The best of the best.
Calvin Coolidge reminded Americans that “The business of America is Business” and nowhere is this better shown than in the most famous of business schools, Harvard Business School. While HBS no longer dominates the ranks of CEOs of America’s largest companies – an affinity with dropping out and unkempt looks dominated by ‘hoodies’ being the thing today – a graduate of HBS has a meal ticket every bit as valuable as one from Harvard Law or even Harvard itself. Those who deny that ‘it’s who you know, not what you know’ never got admitted to any of these.
So no surprise, then, that in further capitalizing on my son’s Unfair Advantage, our week long visit to check out New England prep schools for him saw us dropping in on HBS. To say we left overawed hardly does the visit justice.
Winston on the steps of the Baker Library.
From the library’s site: “The Baker Library holds comprehensive special collections that record the evolution of industry from the 1400s to the present. The HBS Archives, manuscripts and rare books document the individuals, organizations and theories that shaped, and continue to influence, the global business world. ”
The main study room inside the Baker Library – a palpable sense of purpose.
You can see a brief video made by my son below:
In the great liberal tradition of American education, all the buildings are open and no one asks for ID or access rights.
Aldrich Hall is special – each level is replete with bay windows which form discrete, compact study areas for a handful of students. The atmosphere is hushed-respectful, as is the whole campus. No ra-ra-ra knuckle-headed sportsmen here.
Winston dressed for the occasion, inside Aldrich Hall, a Rockefeller donation.
From the Hall’s site: “Rockefeller suggested that the building be named for his father-in-law, Nelson W. Aldrich, who represented Rhode Island in the US House of Representatives from 1879 to 1881, then in the US Senate from 1881 to 1911. Aldrich, a notable financier and leader of the Republican Party, was chairman of the National Monetary Commission and the Federal Reserve. A driving force in international trade and monetary policies, he was sometimes called the “authentic voice of J.P. Morgan.” ”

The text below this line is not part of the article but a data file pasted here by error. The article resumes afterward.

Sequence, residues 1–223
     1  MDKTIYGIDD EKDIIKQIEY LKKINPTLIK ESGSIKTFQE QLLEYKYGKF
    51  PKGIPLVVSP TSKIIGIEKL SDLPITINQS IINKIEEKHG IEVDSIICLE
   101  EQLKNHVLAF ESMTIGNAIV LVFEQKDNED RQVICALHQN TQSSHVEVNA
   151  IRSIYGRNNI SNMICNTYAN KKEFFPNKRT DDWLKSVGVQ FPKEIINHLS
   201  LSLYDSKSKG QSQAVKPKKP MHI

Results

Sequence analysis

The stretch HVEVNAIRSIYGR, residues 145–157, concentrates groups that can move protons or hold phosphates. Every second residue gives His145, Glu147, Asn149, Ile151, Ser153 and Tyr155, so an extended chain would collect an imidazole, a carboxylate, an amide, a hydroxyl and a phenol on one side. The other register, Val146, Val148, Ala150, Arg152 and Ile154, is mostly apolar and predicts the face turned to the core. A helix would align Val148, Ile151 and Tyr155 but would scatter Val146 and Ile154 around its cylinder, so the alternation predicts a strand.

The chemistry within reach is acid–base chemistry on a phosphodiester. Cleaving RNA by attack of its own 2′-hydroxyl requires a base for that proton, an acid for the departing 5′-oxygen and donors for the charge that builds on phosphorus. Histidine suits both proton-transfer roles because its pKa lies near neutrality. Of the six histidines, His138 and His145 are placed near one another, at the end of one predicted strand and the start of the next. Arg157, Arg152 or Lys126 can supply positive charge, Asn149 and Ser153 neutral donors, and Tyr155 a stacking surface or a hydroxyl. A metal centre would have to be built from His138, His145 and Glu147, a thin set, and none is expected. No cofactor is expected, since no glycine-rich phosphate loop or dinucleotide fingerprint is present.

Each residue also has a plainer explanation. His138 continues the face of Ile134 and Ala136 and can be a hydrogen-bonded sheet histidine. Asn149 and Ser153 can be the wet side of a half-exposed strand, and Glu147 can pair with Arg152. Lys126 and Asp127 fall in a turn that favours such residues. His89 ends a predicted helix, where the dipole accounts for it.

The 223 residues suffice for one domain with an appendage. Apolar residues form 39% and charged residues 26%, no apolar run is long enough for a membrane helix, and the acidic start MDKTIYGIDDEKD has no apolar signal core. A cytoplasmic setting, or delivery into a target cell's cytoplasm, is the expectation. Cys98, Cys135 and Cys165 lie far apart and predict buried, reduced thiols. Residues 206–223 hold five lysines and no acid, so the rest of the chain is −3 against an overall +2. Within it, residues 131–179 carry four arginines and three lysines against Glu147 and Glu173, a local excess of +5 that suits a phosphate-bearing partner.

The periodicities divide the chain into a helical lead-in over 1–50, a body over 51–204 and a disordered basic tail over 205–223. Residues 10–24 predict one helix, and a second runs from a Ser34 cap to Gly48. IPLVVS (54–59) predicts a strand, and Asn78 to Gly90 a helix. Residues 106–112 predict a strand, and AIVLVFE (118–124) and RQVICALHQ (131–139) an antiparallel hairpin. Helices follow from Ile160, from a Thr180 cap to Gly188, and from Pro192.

The Dean’s House.
As befits the master of the world’s most storied business school, the Dean’s residence yields nothing in splendor to the rest of the HBS campus. From the site: “The Dean’s House was designed by Coolidge Shepley Bulfinch and Abbott. Construction was completed in 1929, two years after the dedication of the first 12 HBS buildings and just two years before the death of George F. Baker, the prominent banker who funded the construction of Harvard Business School’s original campus. The brick, 10,978-square-foot Georgian Revival-style building includes a gracious entry hall, study, living room, dining room, kitchen, and pantry on the main floor, with a circular staircase leading to a sitting room, bedrooms, and baths on the second and third floors. The surrounding garden was part of Frederick Law Olmsted’s original landscape design. ”
Any visit to Boston should see the tourist at HBS, for there are few more splendid experiences to be had.
All snapped on the iPhone 6.